The Islamic Wonder on the Natural World

Thus far, the majesty of the natural world has been extolled in some detail, but what is the Islamic interpretation of this raw wonder? The Islamic lens sees it as a door to the Almighty.  A door not just in the more intuitive teleological sense (i.e. a strictly logical inductive argument for God’s existence from observations of design), but more potently in a direct experiential sense.

The highest level of knowledge of God comes not through logical deduction (which is indubitably crucial), but through direct experience. Think of a particularly special prayer that you have performed. This is not usually the everyday salah of the average Muslim [14], but rather that prayer when you prostrated before Allah (swt) in a truly spiritual moment, either of profound gratitude or in abject misery, and you opened your heart ready for Allah (swt) to pour His Divine light therein.

This was what Imam Ali (as) was teaching Dhi’lib al Yamani, when the latter asked if he could see Allah (swt). He replied: “Woe to you Dhi’lib. I do not serve a Lord that I have not seen.” Perplexed, Dhi’lib asked him how to which Imam Ali replied, “Woe to you! The eyes do not see him through means of vision, but the hearts see Him through the certainty of faith (emaan)” [15]. To truly appreciate the gravity of the words of Imam Ali (as), it is best to hear them in their entirety here [16].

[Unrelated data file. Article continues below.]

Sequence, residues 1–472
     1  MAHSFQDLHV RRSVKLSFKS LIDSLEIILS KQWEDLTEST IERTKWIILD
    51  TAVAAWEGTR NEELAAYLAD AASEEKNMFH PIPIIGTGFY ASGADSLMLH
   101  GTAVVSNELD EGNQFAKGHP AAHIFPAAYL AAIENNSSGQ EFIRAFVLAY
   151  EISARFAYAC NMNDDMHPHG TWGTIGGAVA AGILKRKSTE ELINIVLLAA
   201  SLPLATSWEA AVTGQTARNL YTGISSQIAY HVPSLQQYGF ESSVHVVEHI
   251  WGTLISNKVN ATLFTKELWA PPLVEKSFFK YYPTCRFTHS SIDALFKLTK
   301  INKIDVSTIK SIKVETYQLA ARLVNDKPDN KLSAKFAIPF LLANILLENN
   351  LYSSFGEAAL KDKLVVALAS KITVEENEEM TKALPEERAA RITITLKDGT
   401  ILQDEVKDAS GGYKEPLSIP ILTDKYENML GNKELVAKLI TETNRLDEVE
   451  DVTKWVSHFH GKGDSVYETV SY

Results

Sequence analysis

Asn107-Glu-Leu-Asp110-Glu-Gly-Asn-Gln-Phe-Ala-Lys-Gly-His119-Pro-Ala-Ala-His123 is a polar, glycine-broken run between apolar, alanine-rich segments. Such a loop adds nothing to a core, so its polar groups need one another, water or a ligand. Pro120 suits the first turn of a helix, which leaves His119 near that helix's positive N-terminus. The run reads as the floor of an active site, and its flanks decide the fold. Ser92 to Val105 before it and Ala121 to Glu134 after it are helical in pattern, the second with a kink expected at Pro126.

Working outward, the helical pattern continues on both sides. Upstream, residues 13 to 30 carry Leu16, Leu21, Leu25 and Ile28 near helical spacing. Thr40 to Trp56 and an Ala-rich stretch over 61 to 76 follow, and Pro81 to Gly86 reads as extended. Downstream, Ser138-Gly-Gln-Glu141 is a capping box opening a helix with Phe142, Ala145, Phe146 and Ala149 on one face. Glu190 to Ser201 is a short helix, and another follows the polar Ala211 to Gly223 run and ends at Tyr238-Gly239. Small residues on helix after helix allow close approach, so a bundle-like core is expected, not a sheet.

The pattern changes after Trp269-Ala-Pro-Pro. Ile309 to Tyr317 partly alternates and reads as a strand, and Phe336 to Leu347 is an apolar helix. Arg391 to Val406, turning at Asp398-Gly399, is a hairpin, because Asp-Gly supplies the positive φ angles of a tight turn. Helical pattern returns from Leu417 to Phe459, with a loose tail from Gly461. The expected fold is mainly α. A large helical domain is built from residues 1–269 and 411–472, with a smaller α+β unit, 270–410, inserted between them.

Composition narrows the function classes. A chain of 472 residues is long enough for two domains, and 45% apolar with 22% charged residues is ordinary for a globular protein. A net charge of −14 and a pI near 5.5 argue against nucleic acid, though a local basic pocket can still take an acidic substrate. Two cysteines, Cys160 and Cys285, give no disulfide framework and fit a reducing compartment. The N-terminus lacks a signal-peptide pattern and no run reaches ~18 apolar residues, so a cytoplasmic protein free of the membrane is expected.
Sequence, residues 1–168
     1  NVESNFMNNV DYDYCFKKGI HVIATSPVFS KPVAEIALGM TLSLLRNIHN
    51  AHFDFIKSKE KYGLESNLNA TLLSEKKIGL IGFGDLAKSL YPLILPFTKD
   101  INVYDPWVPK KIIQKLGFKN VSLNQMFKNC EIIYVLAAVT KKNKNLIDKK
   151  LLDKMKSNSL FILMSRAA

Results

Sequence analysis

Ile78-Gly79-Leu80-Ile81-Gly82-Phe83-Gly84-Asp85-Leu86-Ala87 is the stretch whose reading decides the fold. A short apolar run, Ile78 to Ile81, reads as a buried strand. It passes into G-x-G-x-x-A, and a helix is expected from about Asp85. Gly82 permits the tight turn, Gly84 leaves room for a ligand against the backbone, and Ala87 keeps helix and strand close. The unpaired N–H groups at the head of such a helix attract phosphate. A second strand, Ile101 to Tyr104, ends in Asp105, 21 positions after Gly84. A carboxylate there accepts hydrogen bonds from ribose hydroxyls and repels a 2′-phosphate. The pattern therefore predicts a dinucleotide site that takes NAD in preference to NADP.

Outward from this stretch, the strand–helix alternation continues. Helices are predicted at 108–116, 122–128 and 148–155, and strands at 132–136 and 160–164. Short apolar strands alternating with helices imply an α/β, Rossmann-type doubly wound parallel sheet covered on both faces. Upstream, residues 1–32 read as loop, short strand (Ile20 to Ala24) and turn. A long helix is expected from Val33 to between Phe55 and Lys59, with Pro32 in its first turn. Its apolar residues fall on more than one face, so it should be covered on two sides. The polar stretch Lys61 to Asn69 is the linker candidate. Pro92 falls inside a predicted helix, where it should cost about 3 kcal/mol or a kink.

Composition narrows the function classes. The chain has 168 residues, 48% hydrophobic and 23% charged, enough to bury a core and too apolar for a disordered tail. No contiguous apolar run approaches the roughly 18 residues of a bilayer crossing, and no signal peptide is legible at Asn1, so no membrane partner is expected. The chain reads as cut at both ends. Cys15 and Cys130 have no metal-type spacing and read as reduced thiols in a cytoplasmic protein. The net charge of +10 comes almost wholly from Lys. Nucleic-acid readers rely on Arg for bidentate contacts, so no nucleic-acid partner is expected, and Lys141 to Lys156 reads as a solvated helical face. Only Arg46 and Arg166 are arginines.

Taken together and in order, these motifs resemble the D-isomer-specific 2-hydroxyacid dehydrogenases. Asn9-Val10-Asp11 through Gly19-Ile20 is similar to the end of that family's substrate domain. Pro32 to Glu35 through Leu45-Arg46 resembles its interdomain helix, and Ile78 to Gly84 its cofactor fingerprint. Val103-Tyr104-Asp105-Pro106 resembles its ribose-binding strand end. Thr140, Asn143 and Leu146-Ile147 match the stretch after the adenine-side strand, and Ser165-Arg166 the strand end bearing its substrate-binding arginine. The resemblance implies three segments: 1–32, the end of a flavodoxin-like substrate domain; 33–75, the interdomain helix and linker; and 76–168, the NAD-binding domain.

Throughout the Qur’an, Allah (swt) repeatedly beseeches us to employ this experiential method of connecting to Him:

Qur’an Aale Imran 3:190 “Behold! in the creation of the heavens and the earth, and the alternation of Night and Day, there are indeed Signs for men of understanding”.

Qur’an Yunus 10:6 “Also He said; Verily, in the alternation of the Night and the Day, and in all that Allah hath created, in the heavens and the earth, are Signs for those who fear Him”.

Such was a favourite method of the Prophet (saww) himself, who loved to escape from the affairs of man to the tranquillity of the desert under the watch of the glowing stars, engulfed in the cool of the desert breeze. He frequented the cave of Hira, and it was whilst in the cradle of nature’s glory that he received his first revelation. More directly about nature, he remarked: “Verily, Allah is beautiful, and He loves beauty…” [17].

From the injunctions of Allah (swt) and the Sunnah of the Prophet, the wise sages of Islamic mysticism have implored those that struggle with spirituality and connecting to the Divine to look upon and ponder on the stars and the majesty of the universe.

We cannot perceive God directly, for the finite cannot comprehend the infinite; Allah (swt) explicates this in the Qur’an (2:55, 4:53, 6:102, 7:143, 25:21). But we can access His majesty indirectly; through salah, through the Qur’an, through the Ahlul Bayt and through, most salient to this topic, His signs that decorate the universe.

Qur’an al Jaathiya 45:13 “And He has made subservient to you whatsoever is in the heavens and whatsoever is in the earth, all, from Himself; most surely there are signs in this for a people who reflect”.

Qur’an Fusilaat 37 “Among His Signs are the Night and the Day, and the Sun and the Moon. Adore not the sun and the moon, but adore Allah, Who created them, if it is Him you wish to serve”.

The more we ponder over the beauty of creation, the more we marvel at the majesty of the Creator. On this point, Rumi writes:

“Is the sweetness of the cane sweeter
Than the One who made the canefield?

Behind the beauty of the moon is the MoonMaker.